Rather than a polarized offensive-versus-preventative national policy, scientific bodies in the United States that include the National Institutes of Health and the Centers for Disease Control and Prevention (CDC) advocate a balanced and flexible scientific and medical response to the need to develop protective measures against the variety of disease causing pathogens in the arsenal of the bioterrorist.

Preparedness programs designed to allow a rapid response to bioterrorism also accompany the increased research. One example is the National Pharmaceutical Stockpile Program (NPS). The NPS stockpile of antibiotics, vaccines, and other medical treatment countermeasures is can be rapidly deployed to the site of a domestic attack. For example, in the aftermath of the deliberate release of Bacillus anthracis (the bacteria that causes anthrax) during the 2001 terrorist attacks, the United States government and some state agencies were able to quickly provide the antibiotic ciprofloxacin (Cipro) to those potentially exposed to the bacterium.

Following these bioterrorist attacks, increase funding for the NPS was authorized. The additional funds will help train medical personnel in the early identification and treatment of disease caused by the most likely pathogens.

Such steps are commendable, but will not provide comprehensive and effective protection to biological terrorism. Indeed, such protection may not be possible.

Advocates of increased research capabilities argue that laboratory and hospital facilities must be increased and modernized to provide maximum scientific flexibility in the identification and response to biogenic threats. The CDC has already established a bioterrorism response program that includes increased testing and treatment capacity. The plan also envisions an enhanced ability to recognize and respond to the illness patterns that are characteristic of the deliberate release of an infectious agent.

An informed and watchful public is a key element in early detection of biological pathogens. Knowing this, the CDC web site contains a list of potential biological threats. As of July 2002, approximately 36 microbes had been identified (e.g., Ebola virus variants, plague bacterium, etc.) as potential bioterrorist weapons.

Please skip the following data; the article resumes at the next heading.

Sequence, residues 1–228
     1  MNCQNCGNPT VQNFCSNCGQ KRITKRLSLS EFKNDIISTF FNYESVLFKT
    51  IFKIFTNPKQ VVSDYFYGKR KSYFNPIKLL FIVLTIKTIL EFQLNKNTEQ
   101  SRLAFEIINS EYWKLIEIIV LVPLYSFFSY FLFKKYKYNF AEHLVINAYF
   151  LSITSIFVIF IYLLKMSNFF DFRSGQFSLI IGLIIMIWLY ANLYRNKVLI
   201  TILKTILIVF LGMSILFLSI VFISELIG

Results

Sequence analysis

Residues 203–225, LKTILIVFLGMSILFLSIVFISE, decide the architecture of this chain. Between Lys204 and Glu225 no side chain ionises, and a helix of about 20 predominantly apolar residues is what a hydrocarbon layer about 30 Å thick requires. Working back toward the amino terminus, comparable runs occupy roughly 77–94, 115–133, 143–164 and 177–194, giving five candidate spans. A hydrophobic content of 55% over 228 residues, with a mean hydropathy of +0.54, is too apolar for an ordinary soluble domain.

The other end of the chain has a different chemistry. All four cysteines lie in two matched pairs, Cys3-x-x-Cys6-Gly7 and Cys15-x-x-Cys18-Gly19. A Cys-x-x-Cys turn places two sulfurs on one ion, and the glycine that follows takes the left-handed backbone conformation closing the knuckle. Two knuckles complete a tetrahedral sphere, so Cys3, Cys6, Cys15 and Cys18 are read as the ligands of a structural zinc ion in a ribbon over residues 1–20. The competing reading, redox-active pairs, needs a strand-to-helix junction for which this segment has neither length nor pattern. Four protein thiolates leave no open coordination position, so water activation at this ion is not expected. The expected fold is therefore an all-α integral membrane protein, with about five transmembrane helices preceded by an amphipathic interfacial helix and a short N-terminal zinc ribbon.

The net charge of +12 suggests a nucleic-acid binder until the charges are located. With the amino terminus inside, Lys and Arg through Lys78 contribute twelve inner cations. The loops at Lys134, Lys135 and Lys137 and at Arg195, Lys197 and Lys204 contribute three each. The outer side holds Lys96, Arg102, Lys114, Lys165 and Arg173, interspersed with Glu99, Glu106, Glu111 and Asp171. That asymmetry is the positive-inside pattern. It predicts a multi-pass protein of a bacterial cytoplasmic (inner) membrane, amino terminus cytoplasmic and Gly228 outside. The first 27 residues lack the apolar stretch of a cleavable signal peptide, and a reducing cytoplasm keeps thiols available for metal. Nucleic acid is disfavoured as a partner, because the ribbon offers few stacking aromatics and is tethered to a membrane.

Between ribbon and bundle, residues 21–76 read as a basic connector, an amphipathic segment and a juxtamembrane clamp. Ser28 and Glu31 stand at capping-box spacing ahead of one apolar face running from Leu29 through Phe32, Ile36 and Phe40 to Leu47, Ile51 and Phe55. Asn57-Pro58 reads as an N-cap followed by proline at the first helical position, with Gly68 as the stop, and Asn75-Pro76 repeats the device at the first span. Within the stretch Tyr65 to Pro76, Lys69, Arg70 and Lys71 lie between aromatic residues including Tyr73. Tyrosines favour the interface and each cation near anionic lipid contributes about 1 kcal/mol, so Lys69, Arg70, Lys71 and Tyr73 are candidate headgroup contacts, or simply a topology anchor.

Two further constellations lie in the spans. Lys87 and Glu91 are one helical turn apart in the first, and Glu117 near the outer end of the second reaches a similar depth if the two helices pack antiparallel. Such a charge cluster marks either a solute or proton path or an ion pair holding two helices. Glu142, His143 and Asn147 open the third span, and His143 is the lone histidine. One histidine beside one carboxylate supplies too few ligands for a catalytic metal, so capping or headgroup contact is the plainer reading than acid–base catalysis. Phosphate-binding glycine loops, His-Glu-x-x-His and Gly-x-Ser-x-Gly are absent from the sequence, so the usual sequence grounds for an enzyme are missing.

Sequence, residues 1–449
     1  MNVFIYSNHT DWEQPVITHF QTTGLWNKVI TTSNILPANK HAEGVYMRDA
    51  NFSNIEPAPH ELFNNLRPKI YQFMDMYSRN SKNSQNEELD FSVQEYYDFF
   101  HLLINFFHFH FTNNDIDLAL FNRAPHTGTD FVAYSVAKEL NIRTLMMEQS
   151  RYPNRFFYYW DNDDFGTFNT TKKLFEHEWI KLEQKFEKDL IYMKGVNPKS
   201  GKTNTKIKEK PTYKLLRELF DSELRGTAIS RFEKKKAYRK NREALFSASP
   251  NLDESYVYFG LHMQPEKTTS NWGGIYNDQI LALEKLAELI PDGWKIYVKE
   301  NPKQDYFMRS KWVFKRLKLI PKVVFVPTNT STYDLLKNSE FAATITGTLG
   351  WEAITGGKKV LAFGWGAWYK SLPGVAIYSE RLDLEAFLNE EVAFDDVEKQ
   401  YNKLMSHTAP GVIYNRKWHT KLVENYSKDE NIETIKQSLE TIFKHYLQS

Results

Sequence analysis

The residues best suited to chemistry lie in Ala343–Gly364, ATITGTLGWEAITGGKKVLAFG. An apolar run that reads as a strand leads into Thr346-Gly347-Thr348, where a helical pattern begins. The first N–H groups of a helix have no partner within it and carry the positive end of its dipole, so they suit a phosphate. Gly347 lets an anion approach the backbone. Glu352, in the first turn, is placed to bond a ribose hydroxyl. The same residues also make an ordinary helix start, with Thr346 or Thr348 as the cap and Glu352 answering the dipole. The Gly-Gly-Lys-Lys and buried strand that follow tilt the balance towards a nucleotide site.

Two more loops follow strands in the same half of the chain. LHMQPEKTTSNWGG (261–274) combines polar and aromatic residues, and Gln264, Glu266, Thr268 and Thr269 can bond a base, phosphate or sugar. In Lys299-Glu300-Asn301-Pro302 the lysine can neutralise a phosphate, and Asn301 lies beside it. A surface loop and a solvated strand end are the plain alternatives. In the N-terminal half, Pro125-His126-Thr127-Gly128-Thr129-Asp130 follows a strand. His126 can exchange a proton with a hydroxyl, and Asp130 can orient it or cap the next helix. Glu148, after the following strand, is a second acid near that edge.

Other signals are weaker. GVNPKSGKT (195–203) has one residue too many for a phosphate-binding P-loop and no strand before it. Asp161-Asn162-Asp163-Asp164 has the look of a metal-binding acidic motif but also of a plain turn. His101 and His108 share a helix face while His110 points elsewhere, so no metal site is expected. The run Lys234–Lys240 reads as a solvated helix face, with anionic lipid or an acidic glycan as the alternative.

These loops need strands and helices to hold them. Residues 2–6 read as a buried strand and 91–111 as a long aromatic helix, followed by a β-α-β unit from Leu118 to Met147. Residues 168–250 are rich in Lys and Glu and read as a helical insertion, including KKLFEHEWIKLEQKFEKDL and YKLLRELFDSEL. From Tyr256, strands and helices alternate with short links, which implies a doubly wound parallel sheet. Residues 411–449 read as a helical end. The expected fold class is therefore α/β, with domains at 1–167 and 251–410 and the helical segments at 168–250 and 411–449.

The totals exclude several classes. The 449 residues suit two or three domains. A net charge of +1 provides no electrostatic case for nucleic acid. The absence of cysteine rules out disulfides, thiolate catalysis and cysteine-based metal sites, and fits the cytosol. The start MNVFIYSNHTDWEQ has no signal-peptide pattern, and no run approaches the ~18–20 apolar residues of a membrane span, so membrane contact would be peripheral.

Other protective and emergency response measures include the development of the CDC Rapid Response and Advanced Technology laboratory, a Health Alert Network (HAN), National Electronic Data Surveillance System (NEDSS), and Epidemic Information Exchange (Epi-X). These responses are designed to coordinate information exchange to enhance the early detection and identification of biological weapons.

The United States Department of Health and Human Services 1999 Bioterrorism Initiative committed funds to initiate or reinforce some of these protective measures. Following the September 11, 2001 terrorist attacks on the United States, the U.S. Congress more than doubled the previous funding for bioterrorism research. Soon thereafter, the Bioterrorism Preparedness and Response Program (BPRP) was created. The BPRP seeks to increase the number and capacity of laboratories that are capable of identifying pathogens and developing countermeasures to their use.

An essential component of a preventative response including effective therapeutic treatments is basic research into the biology and disease mechanisms of the disease causing microorganisms. In response to terrorist attacks, in February 2002, the U.S. National Institute of Allergy and Infectious Diseases (NIAID) undertook a review of current research efforts. The panel of experts convened for this task hopes to recommend research thrusts that will more effectively anticipate and counter potential terrorist threats. An immediate outcome of the panel's deliberations was an increased emphasis on basic research involving smallpox, anthrax, botulism, plague, tularemia, and viral hemorrhagic fevers.

In addition to medical protective measures, a terrorist biological weapon attack targeted at humans would, at a minimum, overburden medical infrastructure. Medical personnel and supplies would be in short supply. As well, the costs of responding to attacks would cause economic havoc. Alternatively, a biological weapon that spared humans but targeted domestic animals or crops could cause famine and economic ruin.